Q: I keep running into the same issue with my best friend of five years. (She’s also my maid of honor at my upcoming wedding.) We’re both empaths — most of my friends are — and we’re both in therapy working on how to cope with that. I have severe anxiety that impacts my physical health, so one of the empath-related issues I’m working on is not following through with plans when I need to take time alone. My friend claims she understands this but my actions severely impact her mood. Example: We’ll make tentative plans to get together, I’ll feel too sick to follow through, and then she’s in a negative emotional spiral for days. The final straw came when she called me late this past Friday night — just once, with no subsequent voice mail, text message, or follow-up call. On Monday morning, I sent her a text message asking how her weekend was and got an icy reply. Evidently, something happened to her on Friday, she called me for support, and my failure to return her call left her feeling very upset. I apologized for the accidental trigger and tried to lay down some protocols for reaching out in an emergency situation (leave me a voice mail and send a follow-up text) so I know it’s urgent. She hasn’t replied. I’m really frustrated. She has a lot of baggage around being shamed for being emotional, so I try to be careful not to invalidate her feelings, but I don’t know if that’s even making a difference. We’ve had several conflicts over the last year, always triggered by something I did or said, almost always accidentally, that caused her to “take a step back.” She insists she understands I’m doing my best to be a good friend while also working through my own emotional shit. But that’s not the sense I’m getting. I’m feeling increasingly like it’s impossible to be a human being AND her friend. Until recently, I had zero emotional boundaries and made myself available to her at a moment’s notice to help shoulder her emotional burden. But now that I’m trying to be more conservative with my abundance and take better care of myself, it seems like all I do is hurt her. What the fuck do I do? I’ve tried to be open-minded and patient with her dramatic mood swings, but she seems unable to give me the benefit of the doubt, which I always try to give her. This rocky ground between us is adding more stress to the whole wedding situation. (You’re supposed to be able to rely on your maid of honor, right?) This thing we have is not sustainable as it is, although I love her deeply. Help me figure this out?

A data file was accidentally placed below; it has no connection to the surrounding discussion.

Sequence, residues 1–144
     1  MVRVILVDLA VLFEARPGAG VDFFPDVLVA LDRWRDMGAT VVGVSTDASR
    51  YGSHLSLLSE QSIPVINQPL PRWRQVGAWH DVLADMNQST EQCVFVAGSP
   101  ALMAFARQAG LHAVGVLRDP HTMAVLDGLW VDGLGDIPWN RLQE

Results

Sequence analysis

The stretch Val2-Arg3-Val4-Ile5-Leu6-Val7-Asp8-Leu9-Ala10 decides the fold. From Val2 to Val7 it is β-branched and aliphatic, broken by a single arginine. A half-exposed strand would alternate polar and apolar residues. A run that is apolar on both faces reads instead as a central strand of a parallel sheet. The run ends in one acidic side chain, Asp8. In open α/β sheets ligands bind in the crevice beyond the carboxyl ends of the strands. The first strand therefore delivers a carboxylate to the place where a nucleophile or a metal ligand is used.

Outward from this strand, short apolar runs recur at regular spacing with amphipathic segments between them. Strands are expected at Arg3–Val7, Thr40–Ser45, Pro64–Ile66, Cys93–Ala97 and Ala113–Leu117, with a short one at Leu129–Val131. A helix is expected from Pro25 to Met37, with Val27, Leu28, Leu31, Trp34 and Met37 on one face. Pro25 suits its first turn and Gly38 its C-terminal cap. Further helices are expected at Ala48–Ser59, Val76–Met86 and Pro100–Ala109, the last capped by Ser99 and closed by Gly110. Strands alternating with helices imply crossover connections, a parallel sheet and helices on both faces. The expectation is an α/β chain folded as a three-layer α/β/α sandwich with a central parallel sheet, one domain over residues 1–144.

– Emotions Making Personal Affection Too Hard
Being so attuned to other people’s emotional states that you feel their pain — being an empath — sounds exhausting. But Lori Gottlieb, a psychotherapist in private practice, isn’t convinced your empath superpowers are the problem here.
“EMPATH’s moods seem overly dependent on what the other person does,” said Gottlieb. “That’s not being ‘an empath.’ Most people are empathetic, which isn’t the same as what these two are doing. They’re drowning in each other’s feelings. This is what pop culture might call codependency, and what in therapy we’d call an attachment issue.”
From your letter, EMPATH, it sounds like you might be ready to detach from your friend — you mentioned a final straw and described the relationship as not sustainable — and detaching would resolve this attachment issue.
“This feels less like a friendship and more like a psychodrama where they’re each playing out their respective issues,” said Gottlieb. “A friendship isn’t about solving another person’s emotional issues or being the container for them. It isn’t about being devastated by another person’s feelings or boundaries. It should be a mutually fulfilling relationship, not being co-therapists to each other. In a strong friendship, each person can handle her own emotions rather than relying on the friend to regulate them for her.”
Gottlieb started writing an advice column because, unlike psychotherapists, advice columnists are supposed to tell people what to do. I’m guessing your therapist mostly asks questions and gently nudges, EMPATH, but since Gottlieb has her advice-columnist hat on today and not her psychotherapist hat, I asked her to tell you what to do.
“She should act more like a friend than a therapist/caretaker,” said Gottlieb. “She shouldn’t treat her friend or herself as if they’re too fragile to handle basic communication or boundaries. And they should both be working out their issues with their respective therapists, not with each other.”
And if you decide to keep this woman in your life (and your wedding party), EMPATH, you’ll both have to work on — sigh — your communication skills.
“Right now, they don’t seem to know how to communicate directly with each other,” said Gottlieb. “It’s either an icy text or complaining to outside parties about each other. But when it comes to how they interact with each other, they’re so careful, as if one or both might break if they simply said, ‘Hey, I really care about you and I know sometimes you want to talk about stuff, but sometimes it feels like too much and maybe something you can talk to your therapist about.’”
Lori Gottlieb’s new book, Maybe You Should Talk to Someone
, is a New York Times
best seller. Follow her on Twitter @LoriGottlieb1